'SNL' in Legal Hot Water over Lonely Island Sketches

'SNL' in Legal Hot Water over Lonely Island Sketches
Generally, the prank-rap sketches from Saturday Night Live vets the Lonely Island have most rolling on the floor laughing, but a St. Louis production team aren't cracking smiles, as they've launched a lawsuit claiming they're due more credit on a couple of the troupe's comedy cuts.

The Hollywood Reporter explains that Aleric Banks (aka "Rick tha Ruler") and Monique Hines filed suit in New York last Thursday (November 3) alleging that they were responsible for the music behind "Like a Boss" and "Shy Ronnie." The pair are claiming willful copyright infringement and unjust enrichment as the motivation behind the case.

An interview with Banks from earlier this year explained that he had been put in touch Lonely Island leader Andy Samberg in 2008 through a mutual connection and ended up submitting some production work for the trio. First up was "Like a Boss," which popped up on 2009's Incredibad. Later on that year, Banks was approached to make music for "Shy Ronnie," a sketch that featured Samberg and Rihanna. Banks also claims in the interview that he produced another "Shy Ronnie" song for the group's follow-up, Turtleneck and Chain.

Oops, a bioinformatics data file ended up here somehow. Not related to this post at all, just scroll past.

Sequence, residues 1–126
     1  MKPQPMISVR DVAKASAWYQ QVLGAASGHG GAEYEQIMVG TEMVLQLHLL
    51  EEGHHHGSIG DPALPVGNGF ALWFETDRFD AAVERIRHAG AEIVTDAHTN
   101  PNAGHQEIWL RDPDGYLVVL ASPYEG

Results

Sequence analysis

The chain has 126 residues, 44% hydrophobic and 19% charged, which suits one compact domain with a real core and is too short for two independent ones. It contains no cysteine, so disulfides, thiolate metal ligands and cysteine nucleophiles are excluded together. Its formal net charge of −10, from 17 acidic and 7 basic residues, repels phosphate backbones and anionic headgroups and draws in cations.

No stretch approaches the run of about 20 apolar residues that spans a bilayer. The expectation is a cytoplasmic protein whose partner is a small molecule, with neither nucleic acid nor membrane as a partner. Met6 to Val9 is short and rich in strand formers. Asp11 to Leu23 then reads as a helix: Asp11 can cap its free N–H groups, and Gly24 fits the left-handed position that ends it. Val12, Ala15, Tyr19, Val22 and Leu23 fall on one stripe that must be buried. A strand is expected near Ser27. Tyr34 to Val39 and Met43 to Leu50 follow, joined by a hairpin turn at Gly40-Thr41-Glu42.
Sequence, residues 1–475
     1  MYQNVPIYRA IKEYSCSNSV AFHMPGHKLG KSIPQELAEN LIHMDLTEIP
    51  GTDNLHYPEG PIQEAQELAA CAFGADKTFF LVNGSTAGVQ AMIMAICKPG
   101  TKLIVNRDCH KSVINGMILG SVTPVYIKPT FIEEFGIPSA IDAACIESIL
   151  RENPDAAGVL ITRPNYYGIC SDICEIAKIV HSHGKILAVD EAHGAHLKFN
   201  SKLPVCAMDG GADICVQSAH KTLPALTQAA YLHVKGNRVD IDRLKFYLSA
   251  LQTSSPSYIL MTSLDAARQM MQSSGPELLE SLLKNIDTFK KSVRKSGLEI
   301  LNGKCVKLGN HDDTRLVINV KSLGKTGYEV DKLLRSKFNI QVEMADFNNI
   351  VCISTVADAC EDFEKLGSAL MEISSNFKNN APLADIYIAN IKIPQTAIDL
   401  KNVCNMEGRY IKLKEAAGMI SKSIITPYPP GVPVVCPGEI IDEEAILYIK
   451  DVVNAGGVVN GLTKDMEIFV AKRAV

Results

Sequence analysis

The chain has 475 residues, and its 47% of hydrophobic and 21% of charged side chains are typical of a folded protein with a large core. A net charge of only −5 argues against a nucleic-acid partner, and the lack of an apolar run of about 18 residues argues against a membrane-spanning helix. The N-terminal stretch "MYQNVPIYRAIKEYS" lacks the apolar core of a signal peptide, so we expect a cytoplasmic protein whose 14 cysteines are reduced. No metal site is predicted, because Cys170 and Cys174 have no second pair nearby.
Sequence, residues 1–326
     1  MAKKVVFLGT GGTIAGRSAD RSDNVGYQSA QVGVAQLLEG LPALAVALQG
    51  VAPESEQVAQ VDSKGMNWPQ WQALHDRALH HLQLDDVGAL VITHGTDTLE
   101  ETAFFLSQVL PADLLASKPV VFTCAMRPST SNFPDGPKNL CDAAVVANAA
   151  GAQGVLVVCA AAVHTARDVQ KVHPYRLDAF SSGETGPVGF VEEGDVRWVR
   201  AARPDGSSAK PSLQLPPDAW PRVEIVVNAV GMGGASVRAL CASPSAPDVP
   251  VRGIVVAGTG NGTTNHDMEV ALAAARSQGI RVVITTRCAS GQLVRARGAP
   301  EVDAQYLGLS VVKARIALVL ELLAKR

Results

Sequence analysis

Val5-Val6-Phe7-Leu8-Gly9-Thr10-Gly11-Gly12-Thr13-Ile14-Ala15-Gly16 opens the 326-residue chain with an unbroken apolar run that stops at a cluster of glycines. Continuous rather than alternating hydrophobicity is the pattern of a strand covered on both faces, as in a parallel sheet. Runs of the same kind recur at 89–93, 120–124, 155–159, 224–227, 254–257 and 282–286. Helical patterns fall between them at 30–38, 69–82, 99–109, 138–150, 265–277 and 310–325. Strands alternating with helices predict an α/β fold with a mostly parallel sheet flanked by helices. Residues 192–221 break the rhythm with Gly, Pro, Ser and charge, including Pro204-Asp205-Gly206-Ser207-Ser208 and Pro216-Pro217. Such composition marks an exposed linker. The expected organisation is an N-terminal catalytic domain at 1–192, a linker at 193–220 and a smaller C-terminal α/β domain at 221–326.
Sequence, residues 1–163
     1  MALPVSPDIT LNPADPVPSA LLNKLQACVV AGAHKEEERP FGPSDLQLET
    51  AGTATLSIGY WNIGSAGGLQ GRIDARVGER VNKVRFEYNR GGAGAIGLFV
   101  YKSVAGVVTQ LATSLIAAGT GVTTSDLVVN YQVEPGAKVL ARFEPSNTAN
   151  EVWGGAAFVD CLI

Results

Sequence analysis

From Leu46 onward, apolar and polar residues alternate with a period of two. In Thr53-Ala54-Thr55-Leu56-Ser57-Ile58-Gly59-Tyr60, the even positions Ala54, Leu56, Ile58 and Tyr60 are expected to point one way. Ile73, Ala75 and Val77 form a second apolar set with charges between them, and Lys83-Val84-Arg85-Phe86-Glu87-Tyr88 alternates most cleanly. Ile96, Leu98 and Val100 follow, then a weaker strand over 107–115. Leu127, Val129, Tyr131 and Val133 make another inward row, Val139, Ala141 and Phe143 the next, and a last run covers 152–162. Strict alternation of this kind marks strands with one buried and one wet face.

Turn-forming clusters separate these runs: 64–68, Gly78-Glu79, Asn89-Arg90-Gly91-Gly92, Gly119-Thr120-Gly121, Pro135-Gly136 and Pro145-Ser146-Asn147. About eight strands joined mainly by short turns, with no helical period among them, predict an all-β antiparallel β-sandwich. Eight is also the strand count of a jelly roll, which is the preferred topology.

Banks and Hines were said to be ecstatic over the attention, especially when "Shy Ronnie" got nominated for an Emmy for Outstanding Original Music and Lyrics, but a lack of compensation for their contribution to the cut ended up forcing them to sue SNL broadcaster NBC.

The lawsuit further explains that Universal Music, who released the Lonely Island's albums, sent a "producer declaration" form that entitled Banks to a 50 percent copyright ownership of "Like a Boss," but later received a letter shrinking that number to 25 percent. Regardless, he says he hasn't received any royalties for the cut.

Neither the Lonely Island, NBC nor Universal have responded to the allegations.